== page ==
And then, as cool as it all seems, WAAPI goes on the backburner super-fast. You become one of the many people who should use this tech, who totally would use this tech, but the barrier of entry is slightly too high.
That is what I’ve set out to fix.
Overcoming these Barriers
With the help of people smarter than me, I set out with an initial goal of simply making WAAPI easier to use with C#.
That meant the following:
- Remove WAMP and JSON from the equation, and abstract (or “hide”) it away from the end-user.
- Lower the difficulty of using WAAPI, so that a technical sound designer or audio implementer can use it with ease and without much (if any) help from a programmer.
- Keep it similar enough to the existing WAAPI syntax so that a user can reference the WAAPI documentation for things like object properties (there is an exhaustive list of them).
I’ve spent a few weeks creating a “wrapper” (a layer of code that interacts with WAAPI directly so you don’t’ have to) called WaapiCS to accomplish all of the things above. It’s available free under the MIT License (this means you can use it commercially, distribute it, and change it—you just need to attribute me as the original author) for you to use, right now. You'll find the link to download the source at the bottom of this article.
To give you an idea of what this means for you practically, let’s compare some code side by side.
Let’s take a look at the function call to “ak.wwise.core.getInfo”. Sending this to Wwise returns general data about Wwise, such as what version you’re running and the path to the Wwise .exe.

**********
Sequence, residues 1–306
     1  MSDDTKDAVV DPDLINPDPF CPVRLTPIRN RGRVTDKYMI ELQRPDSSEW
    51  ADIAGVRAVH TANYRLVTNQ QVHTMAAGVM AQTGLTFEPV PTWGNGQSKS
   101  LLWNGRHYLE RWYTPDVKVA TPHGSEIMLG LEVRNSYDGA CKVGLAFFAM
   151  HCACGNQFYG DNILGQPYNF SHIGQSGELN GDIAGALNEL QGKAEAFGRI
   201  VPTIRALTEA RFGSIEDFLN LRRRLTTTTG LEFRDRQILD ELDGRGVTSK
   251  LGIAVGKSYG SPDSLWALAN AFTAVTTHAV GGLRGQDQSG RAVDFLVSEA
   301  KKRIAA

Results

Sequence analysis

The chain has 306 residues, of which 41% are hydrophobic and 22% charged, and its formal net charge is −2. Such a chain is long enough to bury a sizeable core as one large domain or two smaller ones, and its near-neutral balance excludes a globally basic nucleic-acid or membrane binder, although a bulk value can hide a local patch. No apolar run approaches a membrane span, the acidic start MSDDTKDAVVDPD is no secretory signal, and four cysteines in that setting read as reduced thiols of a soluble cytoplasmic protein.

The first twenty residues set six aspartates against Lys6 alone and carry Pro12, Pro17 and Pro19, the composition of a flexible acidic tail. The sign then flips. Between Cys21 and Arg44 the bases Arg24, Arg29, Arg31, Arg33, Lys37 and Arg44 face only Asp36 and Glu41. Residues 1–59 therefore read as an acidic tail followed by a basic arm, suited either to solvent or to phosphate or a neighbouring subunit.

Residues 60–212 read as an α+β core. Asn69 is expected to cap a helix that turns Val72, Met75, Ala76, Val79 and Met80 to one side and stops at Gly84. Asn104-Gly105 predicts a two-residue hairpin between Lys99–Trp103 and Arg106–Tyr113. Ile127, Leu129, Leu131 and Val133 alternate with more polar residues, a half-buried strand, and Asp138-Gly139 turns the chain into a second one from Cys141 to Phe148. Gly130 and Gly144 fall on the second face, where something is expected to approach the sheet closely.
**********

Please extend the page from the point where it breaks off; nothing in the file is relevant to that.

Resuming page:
The sample project code initially provided to you in the documentation looks something like this:
Using WaapiCS, all of that code now looks like this:
That’s it. Calling “ak.wwise.core.GetInfo” gives you back a Dictionary that you can iterate through in a loop. If you know a little bit about C# programming, you can handle this.
Before you go jump right in, I do want to explain exactly what I did and how it works. Chances are if you’re planning on doing something even remotely extensive, you still might want to have a bit of assistance from a programmer. If you’re not planning on editing the framework at all, you can probably skip this part.
WaapiCS is built with two layers in mind. The lower layer “WaapiCS.Communication” handles the WAMP/JSON communication to and from Wwise. It is built with a few simple objects:
- Connection – establishes the connection to Wwise if using a one-off call.
- Subscription – subscribes to a specific Wwise call and waits for a callback.
- Packet – is the object containing all the user’s arguments. This is sent and converted to JSON in the WAMP process.
- Results – is a general C# object that contains the results of any callback. Because Wwise may hand back various types of JSON, this is cast to a specific type when translating from JSON after the callback.
The “higher” layer (within namespace “ak”) is where the actual user-facing API calls live. Every method is static in order to closely resemble the WAAPI syntax (this was my choice, and WaapiCS is built as such that this can be stripped out or changed). The lower layer’s packet object is built from the arguments given by the user. If Wwise gives back any return results, they’re returned back to the user at the end of the function call. Here’s an example of what this looks like: